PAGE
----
Today's Progress.

Saturday, November 23, 2013

The Great Big Sewing Community and A Bag Sew-A-Long.

One great thing about sewing these days is how one can be, if they choose, a part of a much larger sewing community than just close sewing friends next door or the great and talented folks at the local Sewing Guild. The possibilities for learning new skills, meeting new people, and seeing their work through pictures, is really limitless due to the Internet.

10 years ago or so it was hard to find a decent sewing pattern online, especially for garments, or to know much about like minded sewists who may live all the way on the other side of the world. Now, as you all know, there are literally thousands of avenues and areas and interests to pursue in the sewing world as well as a world of free patterns and thousands again of patterns for a few dollars or more. A world that can connect you with any number of sewing aficionados in an instant. A world that can set you up with others who share your passion. And it is a lovely world that should be delved in to and pursued by the home sewists!

There are any number of blogs about any number of sewing subjects. There are youtube videos (and other videos at other sites), entire pdf books and patterns ready to be instantaneously downloaded, linky parties (which link up blogs where the bloggers then discuss and share their similar sewing projects). There are professional designers such as Angela Kane, or Nancy Zieman with websites and memberships (free or not). There are the big three pattern company(ies) with their own sewing videos, affiliated sites such as Sew4home or Professor Pincushion with tutorials and communities as well as independent pattern shops producing custom designs from all over the world and doing sew-a-longs to promote their products. There are weekly giveaways and contests at any number of blogs and online fabric shops. There are opportunities to be pattern testers. There are Blocks of the Month and Garments of the Month.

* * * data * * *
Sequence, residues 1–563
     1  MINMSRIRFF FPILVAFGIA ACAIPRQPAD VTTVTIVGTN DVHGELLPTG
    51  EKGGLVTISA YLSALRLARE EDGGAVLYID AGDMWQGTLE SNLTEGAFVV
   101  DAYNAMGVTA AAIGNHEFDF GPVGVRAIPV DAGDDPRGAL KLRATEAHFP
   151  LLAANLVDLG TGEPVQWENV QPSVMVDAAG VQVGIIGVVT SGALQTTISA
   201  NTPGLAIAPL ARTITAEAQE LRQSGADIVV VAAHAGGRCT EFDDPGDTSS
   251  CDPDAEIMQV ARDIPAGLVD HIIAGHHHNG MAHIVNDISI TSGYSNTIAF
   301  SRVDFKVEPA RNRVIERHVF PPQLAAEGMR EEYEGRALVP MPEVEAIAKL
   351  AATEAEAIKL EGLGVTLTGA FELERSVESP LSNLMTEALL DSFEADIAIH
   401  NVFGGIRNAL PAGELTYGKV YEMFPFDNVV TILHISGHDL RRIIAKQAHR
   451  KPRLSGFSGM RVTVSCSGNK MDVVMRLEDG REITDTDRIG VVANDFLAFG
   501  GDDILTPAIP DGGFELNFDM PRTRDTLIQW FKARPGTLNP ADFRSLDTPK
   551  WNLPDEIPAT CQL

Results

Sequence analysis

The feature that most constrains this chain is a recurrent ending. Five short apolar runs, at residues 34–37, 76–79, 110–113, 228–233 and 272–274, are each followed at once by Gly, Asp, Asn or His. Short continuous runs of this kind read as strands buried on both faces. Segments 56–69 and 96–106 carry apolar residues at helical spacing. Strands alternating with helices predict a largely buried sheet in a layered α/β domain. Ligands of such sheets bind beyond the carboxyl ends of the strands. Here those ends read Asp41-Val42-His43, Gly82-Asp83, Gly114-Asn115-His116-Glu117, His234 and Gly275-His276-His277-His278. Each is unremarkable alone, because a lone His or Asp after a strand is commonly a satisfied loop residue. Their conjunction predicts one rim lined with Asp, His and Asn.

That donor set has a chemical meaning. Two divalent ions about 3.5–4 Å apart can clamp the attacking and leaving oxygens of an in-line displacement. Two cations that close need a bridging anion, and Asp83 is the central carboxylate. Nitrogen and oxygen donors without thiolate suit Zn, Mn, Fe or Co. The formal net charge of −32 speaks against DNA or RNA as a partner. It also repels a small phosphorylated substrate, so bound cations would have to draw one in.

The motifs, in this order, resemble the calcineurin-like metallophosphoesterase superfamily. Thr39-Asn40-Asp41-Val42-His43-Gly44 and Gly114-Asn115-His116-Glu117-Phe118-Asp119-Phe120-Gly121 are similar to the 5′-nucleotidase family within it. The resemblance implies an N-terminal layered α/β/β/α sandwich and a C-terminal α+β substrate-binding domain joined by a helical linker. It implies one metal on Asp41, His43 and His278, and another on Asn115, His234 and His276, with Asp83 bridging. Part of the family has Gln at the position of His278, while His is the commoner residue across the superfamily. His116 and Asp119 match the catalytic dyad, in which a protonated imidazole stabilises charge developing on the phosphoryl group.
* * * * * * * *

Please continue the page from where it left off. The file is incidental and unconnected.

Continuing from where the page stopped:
While I am sure to have forgotten some other way to pursue sewing online I think you get the idea. There are countless opportunities out there.

Really, there are as many contests or as much education, help and assistance with any sewing issue or problem that anyone could need or want. I once bought a book on couture sewing and had a question regarding one of the techniques shown.

The Author was very friendly and quickly answered my question!